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I am in the process of evaluating SharePoint 2013 using the Preview (Beta) edition. Since we are moving from MOSS 2007 directly to SharePoint 2013, any new features that were introduced with SharePoint 2010 are fair game.
One of the advantages with the latest SharePoint versions and SQL Server versions is the ability to implement Remote Blob Storage (RBS) using the FileStream Provider. This allows for documents and files that are larger than a specified amount of bytes (default 100KB) to be stored on a connected file system of the SQL Server box instead of inside the database itself. The overall advantage is keeping your content databases smaller and more manageable.
The steps for implementing RBS with SharePoint 2013 and SQL Server 2012 are very similar of that with SharePoint 2010 and SQL Server 2008. Since I found several blog posts and articles that explain the exact same steps (who copied who???) with the exact same code, I decided to change it around a bit and not use the exact names and passwords.
Whoops! When setting up the MASTER KEY in SQL Server on my main content database, I decided to use a different password. The blog posts and articles all used
N'Admin Key Password !2#4' - so I decided I wouldn't copy their (I thought made up) password and use N'Admin Key Password SharePoint1'.
That sent me through some SharePoint hell since I did not see any files being stored in the blob storage folder. However, once I altered and regenerated the master key with the password using the correct !2#4 (bang two pound four), everything magically started working. You don't learn unless you make mistakes so I am actually glad I went through some trouble.
Anyway, here are the steps I took to convert an existing SharePoint 2013 (Preview) content database to use RBS within SQL Server 2012:
1. Enable File Stream on the SQL Server
On the SQL Server 2012 box, open SQL Server Configurations Manager.
Select SQL Server Services from the left pane. Right-click on the SQL Server process in the right window and select Properties:
The SQL Server Properties dialog appears. Select the FILESTREAM tab and check all of the check boxes:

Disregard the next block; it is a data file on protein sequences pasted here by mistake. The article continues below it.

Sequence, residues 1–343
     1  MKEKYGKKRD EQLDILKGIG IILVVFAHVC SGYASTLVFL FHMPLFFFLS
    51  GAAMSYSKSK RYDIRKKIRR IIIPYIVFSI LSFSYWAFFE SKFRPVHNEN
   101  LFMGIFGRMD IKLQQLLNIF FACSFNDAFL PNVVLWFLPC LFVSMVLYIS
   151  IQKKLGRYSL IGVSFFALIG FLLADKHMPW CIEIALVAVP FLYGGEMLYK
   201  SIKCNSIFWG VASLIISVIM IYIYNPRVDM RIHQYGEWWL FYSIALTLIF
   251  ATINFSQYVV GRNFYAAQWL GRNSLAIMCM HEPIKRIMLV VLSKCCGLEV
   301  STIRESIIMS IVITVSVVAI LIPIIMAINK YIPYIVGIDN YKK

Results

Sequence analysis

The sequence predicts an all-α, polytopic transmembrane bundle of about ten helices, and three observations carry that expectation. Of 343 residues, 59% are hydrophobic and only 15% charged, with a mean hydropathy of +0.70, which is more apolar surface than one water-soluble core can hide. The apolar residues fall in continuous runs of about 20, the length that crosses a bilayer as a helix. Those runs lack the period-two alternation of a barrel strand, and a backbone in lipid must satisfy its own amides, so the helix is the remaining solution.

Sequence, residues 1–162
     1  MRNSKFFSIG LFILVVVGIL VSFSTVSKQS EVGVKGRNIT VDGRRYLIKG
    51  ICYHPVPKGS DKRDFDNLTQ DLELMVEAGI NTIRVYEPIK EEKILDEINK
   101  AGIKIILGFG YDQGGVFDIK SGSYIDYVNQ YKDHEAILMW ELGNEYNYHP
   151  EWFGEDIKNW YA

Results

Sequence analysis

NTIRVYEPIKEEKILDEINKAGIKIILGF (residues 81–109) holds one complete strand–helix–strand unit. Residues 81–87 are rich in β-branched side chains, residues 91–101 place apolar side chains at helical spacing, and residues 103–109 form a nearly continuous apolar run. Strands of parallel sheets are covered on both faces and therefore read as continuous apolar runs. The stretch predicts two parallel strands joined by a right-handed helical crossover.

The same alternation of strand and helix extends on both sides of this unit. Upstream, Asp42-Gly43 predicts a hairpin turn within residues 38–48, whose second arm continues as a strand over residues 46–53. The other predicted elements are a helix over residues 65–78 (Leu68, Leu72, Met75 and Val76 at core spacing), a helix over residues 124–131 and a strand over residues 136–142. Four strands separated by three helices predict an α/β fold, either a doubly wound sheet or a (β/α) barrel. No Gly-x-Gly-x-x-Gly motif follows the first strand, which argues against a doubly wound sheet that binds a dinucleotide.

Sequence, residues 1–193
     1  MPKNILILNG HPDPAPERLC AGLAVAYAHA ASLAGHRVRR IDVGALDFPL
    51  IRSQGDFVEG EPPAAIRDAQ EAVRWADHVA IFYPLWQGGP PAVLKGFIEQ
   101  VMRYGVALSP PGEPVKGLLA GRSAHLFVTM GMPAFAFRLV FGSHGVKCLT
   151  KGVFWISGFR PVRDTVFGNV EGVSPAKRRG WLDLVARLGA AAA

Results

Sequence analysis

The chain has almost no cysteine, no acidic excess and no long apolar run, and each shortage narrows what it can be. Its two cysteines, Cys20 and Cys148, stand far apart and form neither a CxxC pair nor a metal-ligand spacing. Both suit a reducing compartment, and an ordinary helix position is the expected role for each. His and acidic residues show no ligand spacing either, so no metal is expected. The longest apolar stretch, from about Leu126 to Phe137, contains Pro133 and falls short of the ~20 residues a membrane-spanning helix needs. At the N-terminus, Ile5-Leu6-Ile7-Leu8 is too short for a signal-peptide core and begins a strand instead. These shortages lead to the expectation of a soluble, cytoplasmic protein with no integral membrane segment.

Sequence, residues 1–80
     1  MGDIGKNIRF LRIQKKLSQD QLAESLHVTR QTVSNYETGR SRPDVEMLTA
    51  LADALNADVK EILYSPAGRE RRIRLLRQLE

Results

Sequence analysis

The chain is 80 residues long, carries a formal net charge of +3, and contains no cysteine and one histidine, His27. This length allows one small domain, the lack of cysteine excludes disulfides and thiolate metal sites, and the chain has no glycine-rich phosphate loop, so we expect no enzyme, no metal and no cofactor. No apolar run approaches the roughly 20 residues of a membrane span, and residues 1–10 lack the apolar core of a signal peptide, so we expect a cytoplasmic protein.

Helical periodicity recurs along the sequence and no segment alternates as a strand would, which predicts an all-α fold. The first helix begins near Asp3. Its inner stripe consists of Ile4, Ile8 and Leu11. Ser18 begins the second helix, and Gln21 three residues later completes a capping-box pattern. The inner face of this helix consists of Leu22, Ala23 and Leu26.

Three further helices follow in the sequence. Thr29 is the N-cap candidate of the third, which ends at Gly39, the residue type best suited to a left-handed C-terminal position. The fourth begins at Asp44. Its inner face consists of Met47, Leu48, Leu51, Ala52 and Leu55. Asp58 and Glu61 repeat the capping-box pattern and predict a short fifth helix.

Start SQL Management Studio and open a new query window.
Execute the following two SQL Statements (on any database):
EXEC sp_configure filestream_access_level, 2
Create the master key using the following SQL:
if not exists (select * from sys.symmetric_keys where name = N'##MS_DatabaseMasterKey##')
create master key encryption by password = N'Admin Key Password !2#4'
Create a new filegroup for the RBS:
if not exists (select groupname from sysfilegroups where groupname=N'RBSFilestreamProvider')
alter database [<your content database>]
add filegroup RBSFilestreamProvider contains filestream
alter database [<your content database>]
add file (name = RBSFilestreamFile, filename= 'c:\SPBlobStorage')
to filegroup RBSFilestreamProvider
The "file" is a folder on a connected drive. It can be a local drive on the SQL Server or an attached iSCSI drive. The folder cannot exist already. Executing the SQL statement above automatically creates the folder specified on the drive specified.
2. Install RBS on the DB and Web/Application Servers
The RBS bits need to be installed on the database server and on each Web server and Application server that exist in the SharePoint farm. The RBS bits are a separate installation as part of the SQL Server 2012 Feature Pack. You can access the feature pack for SQL Server 2012 here.
Scroll down on the feature pack download page and locate the RBS download:
Download the appropriate package (hopefully x64) and save it in a central location.
For the first web server (or database server), create a new batch file, in the same location as you downloaded RBS.msi, using the following code (all on one line - no line breaks):
msiexec /qn /lvx* rbs_install_log.txt /i RBS.msiTRUSTSERVERCERTIFICATE=true FILEGROUP=PRIMARY
Open a Command Prompt and execute the first batch file:
Verify success by reviewing the rbs_install_log.txt file that was generated in the same folder. The completion message is not the very last thing but it is towards the end of the log:
On all of the other web servers and application servers, place the following code into a batch file (again no line breaks):
msiexec /qn /lvx* rbs_install_log.txt /i RBS.msi DBNAME="ContentDbName" DBINSTANCE="DBInstanceName" ADDLOCAL="Client,Docs,Maintainer,ServerScript,FilestreamClient,FilestreamServer"
Open a Command Prompt and execute the second batch file on each web server and application server:
3. Enable RBS on Content Database
To enable RBS on the content database, you must use PowerShell. Therefore, open up PowerShell or Notepad and create the following PowerShell Script:
$cdb = Get-SPContentDatabase -WebApplication "<Web Application Name>"
$rbss = $cdb.RemoteBlobStorageSettings
You may also add $rbss.MinimumBlobStorageSize=1048576 to increase the minimum file size that will be considered for RBS. The example number shows 1MB.
Execute the script:
The first output is"True" which means RBS has been installed correctly. The second output displays the RemoteBlobStorageSettings object and shows that RBS is enabled and displays the name of the Active Provider (which should be the same name you used as the FILESTREAMSTORENAME in the RBS installation batch file.
4. Test RBS
Now it's time to see this working in action! Navigate to your SharePoint site related to the content database you just configured. Open a document library:
Investigate the folders within the local file system blob storage location:
Files appear in small chunks.